for My Name Is Bilal by Asma Mobin-Uddin and Barbara Kiwak
Bilal and his sister, Ayesha, must adjust to a new school where they are the only Muslim students in attendance. Ayesha is teased by boys who grab her headscarf, but Bilal ignores this and later tells the class that his name is Bill, not Bilal, to avoid more teasing. Bilal’s teacher, however, shares a book about Bilal Ibn Rabah, who was the first person to give the Muslim call to prayer. Reading about this hero from earlier times who suffered persecution for his beliefs helps Bilal eventually stand up for his sister and his own beliefs. Paterson Prize for Books for Young People. nlh
A young boy wrestles with his Muslim identify until a compassionate teacher helps him to understand more about his heritage.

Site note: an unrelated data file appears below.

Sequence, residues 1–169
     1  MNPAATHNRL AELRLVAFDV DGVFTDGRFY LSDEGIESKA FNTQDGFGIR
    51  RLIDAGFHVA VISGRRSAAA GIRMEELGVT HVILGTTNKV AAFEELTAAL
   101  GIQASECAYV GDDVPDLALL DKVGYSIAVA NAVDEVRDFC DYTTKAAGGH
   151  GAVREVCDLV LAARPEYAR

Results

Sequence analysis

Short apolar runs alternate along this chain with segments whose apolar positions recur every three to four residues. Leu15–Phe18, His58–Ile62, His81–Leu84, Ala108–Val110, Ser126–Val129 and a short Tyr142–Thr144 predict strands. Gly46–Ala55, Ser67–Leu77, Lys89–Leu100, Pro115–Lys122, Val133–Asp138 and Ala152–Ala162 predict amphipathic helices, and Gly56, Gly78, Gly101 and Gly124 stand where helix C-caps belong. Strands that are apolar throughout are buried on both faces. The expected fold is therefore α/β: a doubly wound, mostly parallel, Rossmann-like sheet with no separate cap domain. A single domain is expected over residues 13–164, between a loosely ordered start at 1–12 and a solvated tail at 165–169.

After a family move, Bilal and his sister Ayesha attend a new school where they find out that they may be the only Muslim students there. Bilal sees his sister bullied on their first day, so he worries about being teased himself, thinking it might be best if his classmates didn't know that he is Muslim. Maybe if he tells kids his name is Bill, rather than Bilal, then they will eave him alone. But when Bilal's teacher Mr. Ali, who is also Muslim, sees how Bilal is struggling. He gives Bilal a book about the first person to give the call to prayer during the time of the Prophet Muhammad. That person was another Bilal: Bilal Ibn Rabah. What Bilal learns from the book forms the compelling story of a young boy grappling with his identity.